Remember the new credentials do not change the customs among us, that you are to do such things only “when really necessary”. We are only putting the unwritten custom into black and white so there will be no misunderstanding….

Be careful not to boast over having this authority or do anything to stir up opposition in places where they are opposed to women doing such things. If through lack of wisdom you should let trouble arise this might compel the Executive Presbytery to recall the new forms [25].

The “freedoms” Barfoot and Sheppard claim women lost in the Assemblies of God do not appear to have ever fully existed.

3.4. Aimee Semple McPherson

Although Barfoot and Sheppard lift up Aimee Semple McPherson as an exemplary “prophetic” figure within Pentecostalism, even McPherson appears to have acquiesced to the bifurcation between ministering authority and ruling authority. Born in 1890 on a small farm in Ontario, McPherson was first exposed to Pentecostalism in 1907. She became a quick convert and immediately felt a call to ministry. Her pursuit of the ministry took her across the United States and even overseas, but in the 1920s she finally settled in the Los Angeles area to start a church. McPherson built an auditorium with a seating capacity of over five thousand people and from this massive congregation emerged the denomination known as the International Church of the Foursquare Gospel that still exists today [26].

It is possible that Barfoot and Sheppard are right that McPherson's departure from the Assemblies of God was an effect of the various decisions the denomination was making, but the evidence is not altogether convincing. In 1919 McPherson received ordination as an evangelist from the Assemblies of God, but her affiliation with the denomination appears largely to be a result of Robert Craig. Craig was the dominant figure in the local Pentecostal circles of Northern California where McPherson was evangelizing at the time, and it is probable that his desire to enlist her talents for the new Pentecostal denomination—rather than McPherson's interest in attaching herself to this group—resulted in her ordination through the Assemblies of God. The formal relationship between McPherson and the Assemblies of God was quick and ended in 1922 when she returned her credentials [26]. If McPherson were leaving the denomination because of a differentiation between operating with a ministering authority instead of a ruling authority, it would be inconsistent with the restrictions and distinctions she herself perpetuated.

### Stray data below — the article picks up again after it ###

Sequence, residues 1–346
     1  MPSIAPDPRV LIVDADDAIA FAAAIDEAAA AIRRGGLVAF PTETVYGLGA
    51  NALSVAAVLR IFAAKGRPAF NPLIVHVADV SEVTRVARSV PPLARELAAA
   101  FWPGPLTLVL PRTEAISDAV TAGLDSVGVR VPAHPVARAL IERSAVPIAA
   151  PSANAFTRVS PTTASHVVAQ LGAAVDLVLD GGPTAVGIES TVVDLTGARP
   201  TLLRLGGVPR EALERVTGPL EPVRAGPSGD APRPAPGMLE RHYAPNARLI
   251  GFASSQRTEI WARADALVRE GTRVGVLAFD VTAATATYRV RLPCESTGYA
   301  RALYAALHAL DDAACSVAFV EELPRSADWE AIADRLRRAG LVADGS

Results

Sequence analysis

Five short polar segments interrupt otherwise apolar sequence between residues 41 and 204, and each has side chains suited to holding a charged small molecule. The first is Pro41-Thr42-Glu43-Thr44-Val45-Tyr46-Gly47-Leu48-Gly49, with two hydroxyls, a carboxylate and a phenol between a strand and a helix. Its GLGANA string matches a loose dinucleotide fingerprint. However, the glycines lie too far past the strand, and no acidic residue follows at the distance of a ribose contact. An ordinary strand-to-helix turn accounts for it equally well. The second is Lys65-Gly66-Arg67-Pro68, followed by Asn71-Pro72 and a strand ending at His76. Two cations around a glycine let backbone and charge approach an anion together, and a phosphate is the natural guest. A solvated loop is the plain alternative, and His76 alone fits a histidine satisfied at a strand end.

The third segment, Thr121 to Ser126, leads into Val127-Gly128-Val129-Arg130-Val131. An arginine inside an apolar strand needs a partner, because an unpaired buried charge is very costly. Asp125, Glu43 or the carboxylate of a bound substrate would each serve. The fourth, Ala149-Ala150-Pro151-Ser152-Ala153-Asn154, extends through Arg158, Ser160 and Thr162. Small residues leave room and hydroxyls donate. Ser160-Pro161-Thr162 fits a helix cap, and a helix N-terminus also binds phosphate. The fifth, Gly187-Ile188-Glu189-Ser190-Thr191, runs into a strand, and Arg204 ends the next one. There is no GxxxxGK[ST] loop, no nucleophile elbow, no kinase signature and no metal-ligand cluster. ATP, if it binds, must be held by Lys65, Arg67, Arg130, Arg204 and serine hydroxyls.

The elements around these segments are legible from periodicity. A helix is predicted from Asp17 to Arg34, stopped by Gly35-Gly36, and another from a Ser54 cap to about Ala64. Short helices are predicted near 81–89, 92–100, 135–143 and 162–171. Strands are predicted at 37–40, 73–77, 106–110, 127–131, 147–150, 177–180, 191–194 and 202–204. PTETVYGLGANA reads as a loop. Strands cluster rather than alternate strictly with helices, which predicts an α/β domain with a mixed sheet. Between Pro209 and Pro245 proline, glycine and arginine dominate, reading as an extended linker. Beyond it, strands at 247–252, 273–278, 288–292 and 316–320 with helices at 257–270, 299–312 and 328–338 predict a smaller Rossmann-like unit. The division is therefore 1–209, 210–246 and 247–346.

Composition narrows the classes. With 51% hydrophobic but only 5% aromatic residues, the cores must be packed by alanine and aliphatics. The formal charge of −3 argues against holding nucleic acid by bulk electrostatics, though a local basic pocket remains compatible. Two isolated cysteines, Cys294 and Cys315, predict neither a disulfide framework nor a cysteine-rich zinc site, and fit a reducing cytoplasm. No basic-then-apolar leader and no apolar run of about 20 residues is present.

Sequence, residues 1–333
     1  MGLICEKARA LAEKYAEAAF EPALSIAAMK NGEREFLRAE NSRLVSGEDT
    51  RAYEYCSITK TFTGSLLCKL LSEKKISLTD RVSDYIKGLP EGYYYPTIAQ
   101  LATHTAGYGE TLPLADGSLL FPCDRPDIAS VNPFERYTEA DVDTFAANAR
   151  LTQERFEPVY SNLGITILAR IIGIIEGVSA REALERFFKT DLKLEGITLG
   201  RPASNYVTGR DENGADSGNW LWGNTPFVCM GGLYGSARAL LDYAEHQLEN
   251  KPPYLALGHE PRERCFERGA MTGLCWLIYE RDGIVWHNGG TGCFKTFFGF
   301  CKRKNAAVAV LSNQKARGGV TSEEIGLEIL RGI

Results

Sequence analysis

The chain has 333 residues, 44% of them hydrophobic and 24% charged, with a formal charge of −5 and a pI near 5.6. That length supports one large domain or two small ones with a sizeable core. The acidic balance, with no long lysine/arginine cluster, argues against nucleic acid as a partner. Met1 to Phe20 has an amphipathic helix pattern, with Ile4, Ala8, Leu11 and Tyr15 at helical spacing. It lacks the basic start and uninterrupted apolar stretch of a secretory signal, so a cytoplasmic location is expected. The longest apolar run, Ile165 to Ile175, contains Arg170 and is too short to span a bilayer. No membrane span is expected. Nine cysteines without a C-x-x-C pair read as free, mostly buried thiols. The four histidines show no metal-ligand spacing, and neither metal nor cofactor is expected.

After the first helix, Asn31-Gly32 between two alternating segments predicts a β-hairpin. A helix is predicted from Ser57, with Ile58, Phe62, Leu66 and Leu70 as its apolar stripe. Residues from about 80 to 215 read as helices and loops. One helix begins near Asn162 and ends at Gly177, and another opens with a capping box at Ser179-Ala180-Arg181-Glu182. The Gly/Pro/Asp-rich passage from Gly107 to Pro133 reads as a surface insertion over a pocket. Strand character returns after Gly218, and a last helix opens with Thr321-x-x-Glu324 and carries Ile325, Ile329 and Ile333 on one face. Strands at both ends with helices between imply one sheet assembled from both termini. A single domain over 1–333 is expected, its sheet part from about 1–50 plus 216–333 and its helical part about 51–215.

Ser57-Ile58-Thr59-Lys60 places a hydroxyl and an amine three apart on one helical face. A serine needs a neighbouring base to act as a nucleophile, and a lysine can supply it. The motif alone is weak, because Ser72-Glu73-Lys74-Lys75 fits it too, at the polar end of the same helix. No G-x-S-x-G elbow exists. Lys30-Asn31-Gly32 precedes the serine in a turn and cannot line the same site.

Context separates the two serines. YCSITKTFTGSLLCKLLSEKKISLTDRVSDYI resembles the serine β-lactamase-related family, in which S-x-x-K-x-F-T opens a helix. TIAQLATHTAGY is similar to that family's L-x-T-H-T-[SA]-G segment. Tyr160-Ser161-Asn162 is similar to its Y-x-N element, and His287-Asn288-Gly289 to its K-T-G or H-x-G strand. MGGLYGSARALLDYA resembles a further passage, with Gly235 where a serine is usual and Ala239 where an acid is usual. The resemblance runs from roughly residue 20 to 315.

For example, many of the offices and duties at Angelus Temple were assigned based on stereotypical gender roles. The reception committee was composed of women, the ushers were men, and Angelus Temple elders were all men since women could only serve as deaconesses. Moreover, McPherson did not work very well with female associates on the platform, with the exception of her mother and daughter. Other than the female L. I. F. E. students who preached on Friday nights, women preachers only took the pulpit when McPherson was absent. When she was there, it was men alone who had this privilege [26].

In a baccalaureate sermon entitled “The Servants and the Handmaidens,” McPherson made explicit her understanding of separate spheres of ministry for women and men. This sermon was given by McPherson to the students who were graduating from her Bible school and was on the subject of God's calling of servants and handmaidens. She believed that God was calling both sons and daughters and that this was in accord with the Bible because it says that sons and daughters shall prophesy (Acts 2:18). However, McPherson believed that God called women and men to different responsibilities. She related the church to a family and suggested that just like fathers and mothers have their own respective place within a natural family, so too do men and women in the church. God has a separate work for each sex to participate in [27].